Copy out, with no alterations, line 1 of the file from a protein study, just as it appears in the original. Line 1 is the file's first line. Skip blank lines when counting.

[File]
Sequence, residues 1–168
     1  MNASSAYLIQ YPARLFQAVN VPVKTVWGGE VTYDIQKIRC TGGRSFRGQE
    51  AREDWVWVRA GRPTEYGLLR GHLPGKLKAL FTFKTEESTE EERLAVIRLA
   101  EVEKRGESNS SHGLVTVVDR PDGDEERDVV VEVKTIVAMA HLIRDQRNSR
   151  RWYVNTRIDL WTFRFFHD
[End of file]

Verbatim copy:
Sequence, residues 1–168